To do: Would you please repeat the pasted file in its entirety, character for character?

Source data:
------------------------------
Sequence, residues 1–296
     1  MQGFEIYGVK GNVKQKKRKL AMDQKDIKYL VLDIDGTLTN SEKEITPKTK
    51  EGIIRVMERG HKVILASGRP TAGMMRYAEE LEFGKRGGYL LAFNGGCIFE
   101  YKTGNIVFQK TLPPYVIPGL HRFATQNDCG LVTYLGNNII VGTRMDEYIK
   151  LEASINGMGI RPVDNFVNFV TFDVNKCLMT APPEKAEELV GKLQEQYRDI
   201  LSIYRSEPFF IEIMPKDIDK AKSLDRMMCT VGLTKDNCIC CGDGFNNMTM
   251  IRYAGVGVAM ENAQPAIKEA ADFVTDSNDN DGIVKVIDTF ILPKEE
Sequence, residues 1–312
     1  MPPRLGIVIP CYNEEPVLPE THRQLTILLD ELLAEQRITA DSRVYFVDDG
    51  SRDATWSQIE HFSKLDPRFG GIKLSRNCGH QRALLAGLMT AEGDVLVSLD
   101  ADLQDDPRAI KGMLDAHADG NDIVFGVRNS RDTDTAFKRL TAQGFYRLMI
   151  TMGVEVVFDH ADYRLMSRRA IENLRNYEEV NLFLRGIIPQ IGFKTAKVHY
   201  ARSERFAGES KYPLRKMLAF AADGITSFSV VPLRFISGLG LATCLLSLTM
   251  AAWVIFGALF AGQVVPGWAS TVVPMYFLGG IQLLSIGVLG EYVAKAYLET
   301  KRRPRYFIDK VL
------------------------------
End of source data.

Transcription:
Sequence, residues 1–296
     1  MQGFEIYGVK GNVKQKKRKL AMDQKDIKYL VLDIDGTLTN SEKEITPKTK
    51  EGIIRVMERG HKVILASGRP TAGMMRYAEE LEFGKRGGYL LAFNGGCIFE
   101  YKTGNIVFQK TLPPYVIPGL HRFATQNDCG LVTYLGNNII VGTRMDEYIK
   151  LEASINGMGI RPVDNFVNFV TFDVNKCLMT APPEKAEELV GKLQEQYRDI
   201  LSIYRSEPFF IEIMPKDIDK AKSLDRMMCT VGLTKDNCIC CGDGFNNMTM
   251  IRYAGVGVAM ENAQPAIKEA ADFVTDSNDN DGIVKVIDTF ILPKEE
Sequence, residues 1–312
     1  MPPRLGIVIP CYNEEPVLPE THRQLTILLD ELLAEQRITA DSRVYFVDDG
    51  SRDATWSQIE HFSKLDPRFG GIKLSRNCGH QRALLAGLMT AEGDVLVSLD
   101  ADLQDDPRAI KGMLDAHADG NDIVFGVRNS RDTDTAFKRL TAQGFYRLMI
   151  TMGVEVVFDH ADYRLMSRRA IENLRNYEEV NLFLRGIIPQ IGFKTAKVHY
   201  ARSERFAGES KYPLRKMLAF AADGITSFSV VPLRFISGLG LATCLLSLTM
   251  AAWVIFGALF AGQVVPGWAS TVVPMYFLGG IQLLSIGVLG EYVAKAYLET
   301  KRRPRYFIDK VL